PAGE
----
After her strange encounters following a W.A.S.T.E. mailman and dancing with deaf-mutes in a hotel, Oedipa decides that it is time to return to Kinneret and her husband. She wants to see a psychiatrist and, in fact, resolves to meet with Dr. Hilarius in the hope that he will tell her that she simply dreamed everything; in other words, Oedipa wants to be told that the Tristero mystery is a figment of her mind. However, as she arrives at Hilarius' house, someone begins to fire shots at her. She runs toward the house after Nurse Helga Blumm lets her in. The Nurse tells Oedipa that Hilarius has gone insane. He has locked himself in his office with his rifle and is shooting at everyone and everything. Apparently, Hilarius believes that three men with sub-machine guns are out to get him. Oedipa goes to the office and speaks to Hilarius through the door. He tells her that he once trusted Freud, but he no longer believes his theories. Hilarius also makes it clear in his language that he dislikes Jews.
Meanwhile, the cops arrive at the house, and Oedipa tries to convince Hilarius not to shoot at them. Hilarius, however, suspects that the officers are agents of Freud who deserve to die. Hilarius also confirms that he is not on LSD. As the police enter the house, Hilarius opens the door and pulls Oedipa into the office. He tells her about a face he likes to make that has been known to devastate people's psyches. He then admits that he worked at the Buchenwald Nazi concentration camp for the Nazis, inventing drugs that would render Jews permanently catatonic. Hilarius now thinks that Israel is after him for his crimes, and he cannot overcome his mental horror about the fact that he once supported Freud, a Jew. Meanwhile, Oedipa takes his gun, which he had set down, and points it at him, making Hilarius think that Oedipa has come to kill him. She tells him otherwise, to which he responds that Oedipa ought to cherish all fantasies because fantasies are what distinguish us as humans.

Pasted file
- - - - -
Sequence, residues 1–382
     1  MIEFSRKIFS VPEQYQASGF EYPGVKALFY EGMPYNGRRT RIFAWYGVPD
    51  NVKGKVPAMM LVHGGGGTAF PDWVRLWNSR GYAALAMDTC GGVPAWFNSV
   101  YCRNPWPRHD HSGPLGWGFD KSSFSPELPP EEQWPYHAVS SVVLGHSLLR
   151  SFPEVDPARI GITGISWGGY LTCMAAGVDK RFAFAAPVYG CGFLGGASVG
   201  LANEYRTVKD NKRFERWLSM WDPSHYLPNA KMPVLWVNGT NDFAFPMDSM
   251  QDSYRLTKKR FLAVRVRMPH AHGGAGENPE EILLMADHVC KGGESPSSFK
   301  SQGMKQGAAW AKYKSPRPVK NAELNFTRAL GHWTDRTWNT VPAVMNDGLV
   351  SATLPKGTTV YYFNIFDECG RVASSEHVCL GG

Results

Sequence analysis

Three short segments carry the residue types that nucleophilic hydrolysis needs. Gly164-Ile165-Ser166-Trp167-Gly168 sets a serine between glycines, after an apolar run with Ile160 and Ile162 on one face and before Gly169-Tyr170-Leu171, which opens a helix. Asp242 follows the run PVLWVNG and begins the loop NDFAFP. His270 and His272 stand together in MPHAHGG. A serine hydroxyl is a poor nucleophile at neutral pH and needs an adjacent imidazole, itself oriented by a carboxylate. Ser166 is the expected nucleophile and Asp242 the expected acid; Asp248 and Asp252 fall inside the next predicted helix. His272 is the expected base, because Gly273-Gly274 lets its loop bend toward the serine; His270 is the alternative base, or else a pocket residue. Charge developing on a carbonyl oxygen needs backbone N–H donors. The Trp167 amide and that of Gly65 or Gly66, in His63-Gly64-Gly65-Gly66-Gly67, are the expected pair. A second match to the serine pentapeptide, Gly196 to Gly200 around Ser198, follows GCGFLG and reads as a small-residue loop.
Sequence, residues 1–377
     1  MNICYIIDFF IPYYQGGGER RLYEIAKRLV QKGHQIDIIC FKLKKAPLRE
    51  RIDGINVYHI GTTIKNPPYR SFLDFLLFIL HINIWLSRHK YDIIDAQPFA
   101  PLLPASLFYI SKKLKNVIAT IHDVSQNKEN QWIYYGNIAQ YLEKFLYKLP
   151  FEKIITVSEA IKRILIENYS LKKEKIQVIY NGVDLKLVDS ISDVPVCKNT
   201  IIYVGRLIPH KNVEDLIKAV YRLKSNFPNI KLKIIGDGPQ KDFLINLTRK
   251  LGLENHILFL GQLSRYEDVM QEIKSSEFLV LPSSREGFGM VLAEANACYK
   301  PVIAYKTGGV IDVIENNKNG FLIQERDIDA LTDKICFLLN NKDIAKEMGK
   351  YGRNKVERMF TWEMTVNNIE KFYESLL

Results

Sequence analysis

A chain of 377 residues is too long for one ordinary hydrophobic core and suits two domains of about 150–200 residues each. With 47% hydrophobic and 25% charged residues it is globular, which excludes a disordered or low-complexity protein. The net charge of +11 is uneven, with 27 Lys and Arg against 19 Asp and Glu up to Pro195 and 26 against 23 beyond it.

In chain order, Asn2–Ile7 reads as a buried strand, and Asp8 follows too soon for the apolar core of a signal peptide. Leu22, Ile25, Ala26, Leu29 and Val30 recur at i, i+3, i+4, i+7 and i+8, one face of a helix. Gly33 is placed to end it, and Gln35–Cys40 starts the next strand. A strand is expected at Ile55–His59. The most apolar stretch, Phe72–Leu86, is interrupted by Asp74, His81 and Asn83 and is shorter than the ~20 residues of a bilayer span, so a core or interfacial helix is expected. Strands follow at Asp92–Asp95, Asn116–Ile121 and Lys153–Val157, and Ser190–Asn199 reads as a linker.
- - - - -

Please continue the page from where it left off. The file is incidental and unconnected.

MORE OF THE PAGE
Oedipa tells the cops to break down the door. They barge into the room and apprehend Hilarius. At this point, Oedipa notices that a number of news crews have gathered outside to cover the event, and, in fact, she notices that her husband Mucho's van from the KCUF station is parked outside. She goes down to see Mucho and delivers a live account of what happened over the airwaves. Later, she and Mucho go back to the studio and chat. Mucho boasts briefly about his tone-separating ability, but it quickly becomes clear that he is tripping on LSD, which he is beginning to take on a regular basis. LSD, he explains, takes away the nightmares he once had about the empty car lot. Oedipa later goes back to San Narciso, realizing that she no longer knows her own husband.
The final segment of chapter five presents a somewhat esoteric character study of Dr. Hilarius, a man who has clearly lost his mind. He is a good example of a character haunted with guilt about his past, leading him to believe that he is being persecuted. Hilarius is an extreme example of the isolated character that Oedipa slowly becomes. While Oedipa never falls so hopelessly into despair as Hilarius, she does show the same tendency to become divorced from her surroundings.
This final section also details how Oedipa becomes emotionally, spiritually, and intellectually separated from Mucho, her husband. Mucho has become a victim of the world of LSD, forcing him to withdraw from standard human interaction and substantially changing his life to the point where Oedipa does not even feel as though she knows him.
It is interesting and troubling to note that Oedipa loses these former soul mates through no real fault of her own. It is Hilarius' regression into insanity and Mucho's use of drugs that pull them both away from her and the rest of the world, but these are factors over which Oedipa has no control. She is, in essence, socially helpless, lying prey to the caprice of the minds and actions of others. One of the curious questions in the novel is how Oedipa manages to stay intellectually and psychologically stable in the midst of all the decay and chaos floating around her.
'The Crying of Lot 49' is a somewhat sad post-noir burlesque that concerns itself with a weird global postal conspiracy. Generally, a pretty interesting read. I read it for my task with